While I agree that our country is generally too obsessed with being (often times unhealthily) skinny, I *have* noticed that there has been a huge increase in obese kids (and adults–especially adults) here in California, at least. Observe the people in any shopping center/spot with good foot traffic, and you are bound to see not just one, but *several* traditionally overweight people (I say “traditionally” because while they may just look solidly overweight to us, by the new BMI standards, they’d probably be classified “obese”). Over the past ten years or so, the number of overweight/”obese” adults steadily increased to this point where it’s not a surprise to see a third of the crowd at least a bit paunchy, but until the last few years, the small kids accompanying them were always small and spry the way you expect. These days, though, you see more and more little, little kids (who should have that scrawny, gawky look of a young fawn on its first legs) with round pot bellies like those starving kids in Africa whose stomachs have become distended from lack of protein. And no, they are definitely not starving–they’re being gorged on McDonald’s and whatever other processed, frozen junk their parents are feeding them because they’re out working or stuck in traffic all day trying to pay our ridiculous mortgages out here. >.<
I think the Midwest probably still looks fairly normal because there’s less of this so-busy-can’t-stop-for-family culture that permeates our fast-paced California (and other big metropolitan areas) lifestyle. Plus, there seems to be a trend toward eating out more/exclusively among young Californians, and when you go out, you know you’re gonna indulge in the unhealthy stuff, whether you go to a fast food place or a 5-star restaurant. Guess turning to food for comfort isn’t so surprising in a culture of rampant credit card use, lots of expendable income and a high-stress environment. =__=;
Jim C. Hines
May 5, 2010 @ 3:05 pm
See, I was fortunate — when I came down with diabetes back in ’98, I had to switch to Diet Cherry Coke 🙂
Jim C. Hines
May 5, 2010 @ 3:06 pm
That sounds like the Presidential Physical Fitness Award campaign they had when I was growing up. I never liked that one as a kid. There were some exercises I could do, but I was never fast enough at the running part.
In general though, I agree — I’d rather see people be more fit and healthy than worry about how much they weigh.
Jim C. Hines
May 5, 2010 @ 3:07 pm
And I’d believe her. I’m sure she does want people to be healthy. But the way they’re going about it, the quotes and scare tactics and so on, that’s where I have issues.
Jim C. Hines
May 5, 2010 @ 3:08 pm
Interesting. It’s very possible there’s a regional factor to all of this. Over on LJ, someone also brought up the possibility that poverty could be a factor. The schools I’ve visited are in pretty well-off communities, whereas kids in a poorer neighborhood could have a harder time eating healthy and so on.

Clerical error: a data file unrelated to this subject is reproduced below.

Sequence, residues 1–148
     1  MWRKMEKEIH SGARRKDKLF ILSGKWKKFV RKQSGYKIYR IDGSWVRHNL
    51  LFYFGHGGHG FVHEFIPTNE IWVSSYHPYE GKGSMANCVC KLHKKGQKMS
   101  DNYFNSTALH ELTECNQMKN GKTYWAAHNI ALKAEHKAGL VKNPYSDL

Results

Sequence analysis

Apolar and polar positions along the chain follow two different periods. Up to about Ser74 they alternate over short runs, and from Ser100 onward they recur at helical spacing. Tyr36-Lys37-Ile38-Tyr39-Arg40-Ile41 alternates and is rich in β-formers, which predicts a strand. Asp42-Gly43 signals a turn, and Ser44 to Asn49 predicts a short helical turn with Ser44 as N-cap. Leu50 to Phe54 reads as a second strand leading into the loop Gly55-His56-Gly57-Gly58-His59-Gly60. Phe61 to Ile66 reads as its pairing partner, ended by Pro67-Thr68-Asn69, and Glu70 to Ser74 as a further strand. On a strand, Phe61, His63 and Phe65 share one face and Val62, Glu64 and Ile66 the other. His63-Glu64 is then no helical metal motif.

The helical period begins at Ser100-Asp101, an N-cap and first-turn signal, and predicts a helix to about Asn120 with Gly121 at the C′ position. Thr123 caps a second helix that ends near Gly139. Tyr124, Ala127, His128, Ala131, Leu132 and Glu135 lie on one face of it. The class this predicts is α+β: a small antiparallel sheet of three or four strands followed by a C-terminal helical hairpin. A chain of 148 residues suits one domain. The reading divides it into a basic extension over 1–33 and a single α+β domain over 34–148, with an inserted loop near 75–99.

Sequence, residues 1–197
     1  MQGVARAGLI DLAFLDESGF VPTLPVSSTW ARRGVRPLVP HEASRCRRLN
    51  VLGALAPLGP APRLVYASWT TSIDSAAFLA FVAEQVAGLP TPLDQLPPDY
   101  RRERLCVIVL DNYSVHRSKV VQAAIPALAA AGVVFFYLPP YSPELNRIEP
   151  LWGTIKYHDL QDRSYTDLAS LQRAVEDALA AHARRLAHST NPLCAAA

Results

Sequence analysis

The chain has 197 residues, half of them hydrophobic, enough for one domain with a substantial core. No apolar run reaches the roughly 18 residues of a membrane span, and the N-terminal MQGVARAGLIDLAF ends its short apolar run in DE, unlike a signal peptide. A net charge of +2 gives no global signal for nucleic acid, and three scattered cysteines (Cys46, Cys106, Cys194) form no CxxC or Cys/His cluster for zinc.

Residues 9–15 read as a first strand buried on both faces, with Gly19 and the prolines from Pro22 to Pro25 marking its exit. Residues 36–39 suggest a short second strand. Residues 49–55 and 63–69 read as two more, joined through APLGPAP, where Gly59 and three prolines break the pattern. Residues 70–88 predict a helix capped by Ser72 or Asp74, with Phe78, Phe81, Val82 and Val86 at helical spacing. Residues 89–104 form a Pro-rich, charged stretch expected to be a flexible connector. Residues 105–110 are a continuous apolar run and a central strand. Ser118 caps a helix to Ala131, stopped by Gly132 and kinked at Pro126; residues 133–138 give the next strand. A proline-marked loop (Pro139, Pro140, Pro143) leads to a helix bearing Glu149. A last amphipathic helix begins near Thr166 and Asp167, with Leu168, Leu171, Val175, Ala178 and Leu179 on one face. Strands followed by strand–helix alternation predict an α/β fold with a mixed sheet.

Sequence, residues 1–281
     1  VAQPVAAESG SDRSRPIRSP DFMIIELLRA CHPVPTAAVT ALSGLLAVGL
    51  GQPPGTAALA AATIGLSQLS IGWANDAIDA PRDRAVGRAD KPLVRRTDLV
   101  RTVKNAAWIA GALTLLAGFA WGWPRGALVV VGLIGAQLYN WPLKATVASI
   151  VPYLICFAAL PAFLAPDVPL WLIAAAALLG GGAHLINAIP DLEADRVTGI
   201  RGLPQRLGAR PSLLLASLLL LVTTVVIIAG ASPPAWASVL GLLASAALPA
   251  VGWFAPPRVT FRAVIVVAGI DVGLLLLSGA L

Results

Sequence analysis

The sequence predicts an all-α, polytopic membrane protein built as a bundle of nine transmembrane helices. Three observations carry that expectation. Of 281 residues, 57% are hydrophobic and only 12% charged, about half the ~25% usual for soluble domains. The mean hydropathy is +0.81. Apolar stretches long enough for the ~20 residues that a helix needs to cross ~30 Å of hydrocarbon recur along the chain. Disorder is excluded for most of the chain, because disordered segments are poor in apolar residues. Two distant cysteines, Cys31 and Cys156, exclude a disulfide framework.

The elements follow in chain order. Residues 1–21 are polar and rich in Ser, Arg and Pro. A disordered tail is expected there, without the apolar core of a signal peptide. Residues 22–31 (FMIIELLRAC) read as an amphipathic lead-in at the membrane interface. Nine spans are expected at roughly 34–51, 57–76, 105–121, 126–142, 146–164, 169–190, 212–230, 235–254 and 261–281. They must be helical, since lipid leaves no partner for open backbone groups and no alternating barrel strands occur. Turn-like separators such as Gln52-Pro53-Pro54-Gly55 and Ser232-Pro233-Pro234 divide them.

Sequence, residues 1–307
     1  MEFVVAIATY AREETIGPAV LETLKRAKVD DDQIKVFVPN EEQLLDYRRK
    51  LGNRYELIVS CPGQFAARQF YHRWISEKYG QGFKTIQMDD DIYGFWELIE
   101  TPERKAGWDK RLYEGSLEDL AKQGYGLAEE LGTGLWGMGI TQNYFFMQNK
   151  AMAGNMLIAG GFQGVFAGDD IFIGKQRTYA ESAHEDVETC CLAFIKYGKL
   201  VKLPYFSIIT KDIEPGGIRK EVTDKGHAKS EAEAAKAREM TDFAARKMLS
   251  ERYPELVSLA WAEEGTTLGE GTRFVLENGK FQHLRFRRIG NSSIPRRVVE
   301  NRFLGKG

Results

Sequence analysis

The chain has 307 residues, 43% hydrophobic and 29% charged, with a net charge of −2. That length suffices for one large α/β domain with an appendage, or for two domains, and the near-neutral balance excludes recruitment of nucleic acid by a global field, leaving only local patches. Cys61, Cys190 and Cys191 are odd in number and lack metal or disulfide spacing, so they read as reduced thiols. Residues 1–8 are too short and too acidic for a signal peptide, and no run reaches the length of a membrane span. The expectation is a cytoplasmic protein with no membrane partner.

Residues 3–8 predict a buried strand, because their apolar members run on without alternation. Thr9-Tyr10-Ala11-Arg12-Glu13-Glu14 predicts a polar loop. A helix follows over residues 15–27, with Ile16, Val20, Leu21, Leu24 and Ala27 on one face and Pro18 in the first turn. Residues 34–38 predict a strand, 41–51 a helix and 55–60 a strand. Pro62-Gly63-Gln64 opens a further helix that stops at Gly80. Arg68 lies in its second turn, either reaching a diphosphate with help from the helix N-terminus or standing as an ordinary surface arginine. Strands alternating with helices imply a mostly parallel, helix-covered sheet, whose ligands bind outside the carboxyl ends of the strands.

May 5, 2010 @ 4:54 pm
Income has a big impact on what you can afford to eat. It’s often cheaper to buy over-processed, sugar-laden foods than to buy fresh fruits and vegetables. I just paid $1.29 today for a single, non-organic bell pepper; if I was having to watch my food budget, it would have been cheaper to head to the frozen foods aisle and buy a highly-processed, salt-laden entree for not much more. In this city, at least, most of the grocery stores that offer a good selection of healthy foods are also in the higher-income neighborhoods (there’s a reason people refer to Whole Foods as “Whole Paycheck”). And that’s without factoring in the fact that people working 2 or 3 jobs just to stay afloat don’t have time or energy to come home and cook; much easier to hit the drive through or grab something to microwave from the local mini mart.
I’m Not the Only One (Five Links) « Healthy Obsessions
May 5, 2010 @ 9:23 pm
[…] found this via Jim Hines’ blog, where he posts about BMI and weight issues using himself, and his BMI. He also links to the […]
May 5, 2010 @ 9:34 pm
One of the big problems is soda, 200-300 calories in one shot. I remember in high school it was mountain dew all the time. Back in 2006 i went on a big diet (dropped from 253 to 196) by diet and exercise. I quit drinking soda all together. Besides the fact i was at least 2 soda’s a day (yeah lets think about that at least $400 bucks a year on soda). I account that for most of the weight loss. some people would argue for diet pop, but it uses aspartame which causes less calories but also slows your metabolism…..Still have not had a soda (i don’t drink caffine).
I bought healthy food (living alone) and low cut meat, but only spent between 100 and 200 bucks a month on food. Most of the time we buy to much food and over eat anyway so buying healthy seems a lot harder. People do not want to give up the things that are bad for them because they enjoy them to much (damn i love eggs).